A Museum (theatre)

After its editions in Germany, India, Taïwan, Canada, Sweden, Korea, Cambodia and Romania the Museum (theatre) opens its doors in the Cultural Centre Tuzla, Atelier “Ismet Mujezinovic” Tuzla in the framecwork of Kaleidoscop Festival  in Tuzla – Bosnia.

A Museum (theatre) is an international participative installation conceived by French stage director Clyde Chabot. Inspired by Heiner Muller’s play Hamlet-Machine, the project is an attempt to incorporate, in the lapse of a snapshot, each person’s individual story into larger History.

A rehearsal of the text Hamlet-machine is broadcast. One can listen with headphones to the audio recordings of the text in the various languages of the visited countries.

Videos of performances realised in the set of the installation by local artists in other countries are broadcast.

A Museum (theatre) is a poetic and political act, a creation process in small-scale model, a microfiction. It explores the sensitive and political condition in a city, a region, a country.

Visitors are invited to create their own self-portrait. They choose one historical picture from the 20th century up to today, which is projected onto a large screen, and one (or several) word(s) taken from Heiner Muller’s play, in Bosnian and English. A photographer shoots portraits of the visitors.

The audience can see the day after on the spot the portraits which were taken the day before, as well as those of previous sessions of the installation. The visitors can also find them on facebook and later with their translation into english on the internet.


Design : Clyde Chabot
Set Design : Annabel Vergne


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« The set is a monument. It presents a man who made history, enlarged a hundred times. The petrification of a hope. His name is interchangeable, the hope had not been fulfilled. The monument is toppled into the dust, razed by those who succeeded him in power three years after the state funeral of the hated and most honored leader. The stone is inhabited. In the spacy nostrils and auditory canals, in the creases of skin and uniform of the demonished monument, the poorer inhabitants of the capital are dwelling. After an appropriate period, the uprising follows the toppling of the monument. My drama, if it still would happen, would happen in the time of the uprising. »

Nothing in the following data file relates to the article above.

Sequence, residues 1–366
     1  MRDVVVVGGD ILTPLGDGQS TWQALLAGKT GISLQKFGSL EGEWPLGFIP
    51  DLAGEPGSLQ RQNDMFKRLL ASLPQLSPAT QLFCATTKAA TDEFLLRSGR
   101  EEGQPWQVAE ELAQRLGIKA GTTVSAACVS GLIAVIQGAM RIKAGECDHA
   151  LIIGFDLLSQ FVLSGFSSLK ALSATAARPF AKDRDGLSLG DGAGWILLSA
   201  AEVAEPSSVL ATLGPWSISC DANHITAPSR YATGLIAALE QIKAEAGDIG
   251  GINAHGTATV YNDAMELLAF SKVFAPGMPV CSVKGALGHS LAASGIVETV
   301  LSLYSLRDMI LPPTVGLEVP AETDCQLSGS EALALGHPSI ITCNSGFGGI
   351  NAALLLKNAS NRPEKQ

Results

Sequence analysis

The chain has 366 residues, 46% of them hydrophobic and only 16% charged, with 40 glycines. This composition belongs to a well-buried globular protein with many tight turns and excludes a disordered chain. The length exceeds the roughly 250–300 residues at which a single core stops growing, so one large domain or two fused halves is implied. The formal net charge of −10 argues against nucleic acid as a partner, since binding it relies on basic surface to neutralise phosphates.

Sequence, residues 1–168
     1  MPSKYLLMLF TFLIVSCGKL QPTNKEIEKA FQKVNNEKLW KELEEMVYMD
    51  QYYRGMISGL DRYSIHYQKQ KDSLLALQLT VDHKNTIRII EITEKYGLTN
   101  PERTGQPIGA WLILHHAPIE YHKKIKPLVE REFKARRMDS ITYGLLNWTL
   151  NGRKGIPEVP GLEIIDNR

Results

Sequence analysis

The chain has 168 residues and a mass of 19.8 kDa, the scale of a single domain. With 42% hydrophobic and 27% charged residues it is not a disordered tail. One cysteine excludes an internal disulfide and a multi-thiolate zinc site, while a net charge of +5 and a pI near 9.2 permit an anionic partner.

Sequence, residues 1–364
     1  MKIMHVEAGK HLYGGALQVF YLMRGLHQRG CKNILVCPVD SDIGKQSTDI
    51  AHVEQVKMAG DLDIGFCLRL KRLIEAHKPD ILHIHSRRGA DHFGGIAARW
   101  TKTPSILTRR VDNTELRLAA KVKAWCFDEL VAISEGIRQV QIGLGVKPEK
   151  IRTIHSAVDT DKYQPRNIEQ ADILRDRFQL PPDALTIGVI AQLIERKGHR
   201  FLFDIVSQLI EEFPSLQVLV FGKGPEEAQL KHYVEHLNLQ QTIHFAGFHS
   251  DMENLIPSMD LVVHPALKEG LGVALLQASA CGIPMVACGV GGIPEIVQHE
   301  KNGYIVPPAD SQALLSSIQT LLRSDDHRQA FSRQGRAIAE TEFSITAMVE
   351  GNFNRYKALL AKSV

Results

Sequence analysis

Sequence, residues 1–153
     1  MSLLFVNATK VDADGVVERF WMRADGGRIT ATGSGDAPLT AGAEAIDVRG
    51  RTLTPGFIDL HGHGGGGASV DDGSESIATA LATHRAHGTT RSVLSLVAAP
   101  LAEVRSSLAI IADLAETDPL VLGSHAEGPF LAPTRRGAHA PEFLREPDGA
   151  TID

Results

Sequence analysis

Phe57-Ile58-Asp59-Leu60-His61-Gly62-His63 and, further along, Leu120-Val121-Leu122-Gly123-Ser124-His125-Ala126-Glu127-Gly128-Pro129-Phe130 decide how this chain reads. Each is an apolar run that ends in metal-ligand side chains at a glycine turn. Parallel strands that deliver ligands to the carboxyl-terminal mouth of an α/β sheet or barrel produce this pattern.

“Speaking of his collaboration with Erich Wonder, Heiner Müller liked in the latter’s work the elaboration of “spaces in which the texts rest and can work”. Clyde Chabot’s installation focuses more on the visual arts, making it possible to deploy a work in 3 or even 4 dimensions since it does not neglect time and in particular the exhibition of the «cyclicality» of the history dear to Heiner Müller.” Sophia Rieu, Parallel Action, 4 November 2017

A participatory installation enriched by its perpetual nomadism. Clyde Chabot imagined it from the play Hamlet-Machine by Heiner Müller, a free rewrite of Shakespeare’s play in the light of the 20th century and its dark hours. Thus, Clyde Chabot’s constantly re-exposed work in motion acts as a palimpsest that multiplies Müller’s palimpsest text.” Marie Plantin, Pariscope, September 2017

“To say that this installation is interactive would be an understatement. Without total commitment on the part of visitors, it would remain a dead letter. But the risk is close to zero. The principle is so clear and stimulating that one does not hesitate for a moment to wander between bits of text scattered on the ground. All are taken from Heiner Müller’s Hamlet Machine. It is enough to choose one or more by which one expresses something of his feeling in front of himself. To be combined with a photo representing the real of the current world, to be inscribed with his body and the chosen quotations. We participate in the creation of a collective work (…) brilliantly inserted in a human, urban or fanciful landscape.Thomas Hahn, Micro Cassandre, February 2010